21. Immediately attach the rings to the melted Isomalt or sugar.
22. Store the completed piece in an airtight container or plastic bag with limestone, calcium carbonate, or silica gel.
Combine a pair of doves with a blown heart shape for a beautiful symbol of love.



Review

'For anyone who is considering venturing in to the world of sugar work, this is the book for you! You're sure to learn a lot from this book.' (cake-talk.co.uk, September 2012)

More About the Author

Considered to be a leading expert in and renowned master of modern day confectionery arts, Chef Ewald Notter is also known well known as a competitor and teacher. He has won numerous awards, including National and World Pastry Team Champion and Pastry Chef of the Year. In 2001, he won the gold medal with the US Team at the Coupe du Monde in Lyon, France, receiving the highest score ever recorded in sugarwork: 699 out of 700 points, helping the United States Team achieve its very first Gold Medal. In 2003, Ewald was honored from the American Academy of Hospitality Sciences with the 5 Star Diamond award as "One of the Finest Confectionery Chefs of the World." He was also the first pastry professional inducted into the Pastry Art and Design Hall of Fame. Ewald continues to teach and coach internationally, all while publishing highly respected books on his craft. He is also the founder and owner of the Notter School of Pastry Arts in Orlando, Florida- a fabulous destination for both professional and aspiring pastry chefs from around the globe. The school is recognized as one of the world's most prestigious pastry schools, with teaching methods based on the artist-apprentice model practiced in Europe for many centuries.

Customer Reviews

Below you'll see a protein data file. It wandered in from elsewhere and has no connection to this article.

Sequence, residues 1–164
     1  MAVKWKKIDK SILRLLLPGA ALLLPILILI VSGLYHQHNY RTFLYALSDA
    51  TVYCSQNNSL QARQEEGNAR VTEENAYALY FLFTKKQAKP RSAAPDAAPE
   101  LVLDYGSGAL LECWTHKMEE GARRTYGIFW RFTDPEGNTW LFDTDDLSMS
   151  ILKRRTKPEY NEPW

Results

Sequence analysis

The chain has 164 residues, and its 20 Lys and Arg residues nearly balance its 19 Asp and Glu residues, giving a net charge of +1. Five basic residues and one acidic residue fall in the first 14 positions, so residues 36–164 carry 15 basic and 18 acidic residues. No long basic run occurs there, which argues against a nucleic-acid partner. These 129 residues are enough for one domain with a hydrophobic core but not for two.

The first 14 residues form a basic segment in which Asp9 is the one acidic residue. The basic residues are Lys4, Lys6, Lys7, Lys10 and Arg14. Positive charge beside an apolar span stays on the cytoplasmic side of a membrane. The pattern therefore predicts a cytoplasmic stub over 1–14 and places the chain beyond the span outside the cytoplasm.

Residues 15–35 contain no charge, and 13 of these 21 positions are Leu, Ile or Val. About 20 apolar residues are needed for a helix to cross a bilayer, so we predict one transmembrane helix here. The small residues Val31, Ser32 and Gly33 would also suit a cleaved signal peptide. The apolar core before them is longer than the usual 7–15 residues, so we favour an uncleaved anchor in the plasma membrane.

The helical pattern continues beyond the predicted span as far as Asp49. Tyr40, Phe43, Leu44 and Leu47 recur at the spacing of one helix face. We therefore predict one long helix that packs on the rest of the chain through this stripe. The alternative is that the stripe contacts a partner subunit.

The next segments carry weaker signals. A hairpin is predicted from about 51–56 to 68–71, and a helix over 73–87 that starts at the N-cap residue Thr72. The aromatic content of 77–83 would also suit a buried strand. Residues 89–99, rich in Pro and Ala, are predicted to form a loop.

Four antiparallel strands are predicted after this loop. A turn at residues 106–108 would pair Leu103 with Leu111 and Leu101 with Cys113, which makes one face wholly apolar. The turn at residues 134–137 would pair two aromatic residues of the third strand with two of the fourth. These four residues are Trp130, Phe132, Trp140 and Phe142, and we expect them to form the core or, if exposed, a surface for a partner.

I highly recommend it to any sugar art enthusiast.
Chelseybuns
There are recipes for each technique, as well as lots of photographs to explain the steps.
Shala Kerrigan
Ewald Notter is a truly talented chef who can ALSO TEACH.
TheConsumer

Most Helpful Customer Reviews

16 of 17 people found the following review helpful By Shala Kerrigan TOP 500 REVIEWERVINE VOICE on May 4, 2012
Format: Hardcover
Sugar is one of the most exciting mediums there is for food crafting. The structure of it allows glass like manipulation to create amazing sculptural pieces. I first became interested in working with sugar when a good friend of mine was going to school to study pastry and sugar art. Learning about amezaiku which is Japanese lollipop art only solidified that interest.

The Art of the Confectioner- Sugarwork and Pastillage is meant for professional candy and pastry makers, but it also break the techniques down enough to be followed by the serious home cook who wants to try something new and exciting.

There are recipes for each technique, as well as lots of photographs to explain the steps. The book starts with the basic tools you'll need. However some tools are specific to techniques, so also look at the technique you want to see the tools you'll need for that project.

The methods of working with sugar include:

Pastillage- this is something like a sugar clay that can be worked much like polymer clays, it's allowed to air dry and can be airbrushed with food safe colors. It can be rolled and sculpted.
Sugar casting works to create solid transparent pieces. It's similar to any hard candy you may have made.
Sugar pulling- this is the method that created the gorgeous candy ribbons on the cover. It's also ideal for flowers
Blown Sugar- like blown glass, this creates delicate hollow ornaments and sculpture, and also uses the most specialized tools
There are also newer effects like net which creates lacy patterns in a sheet and pressed sugar which is the same way sugar eggs or sugar skulls are made.

Each technique has projects shown with step-by-step instructions.
Read more ›
1 Comment Was this review helpful to you? Yes No Sending feedback...
Thank you for your feedback. If this review is inappropriate, please let us know.
Sorry, we failed to record your vote. Please try again
5 of 5 people found the following review helpful By leechompkin on June 6, 2012
Format: Hardcover Verified Purchase
Chef Ewald Notter has yet again produced an outstanding book. It is filled with so much information for both the beginner and advanced sugar artist. He does an outstanding job of explaining each step thoroughly and building upon them. I cannot think of any current sugar techniques that he did not cover. This is a fantasic resourse for anyone interested in pursuing sugar art.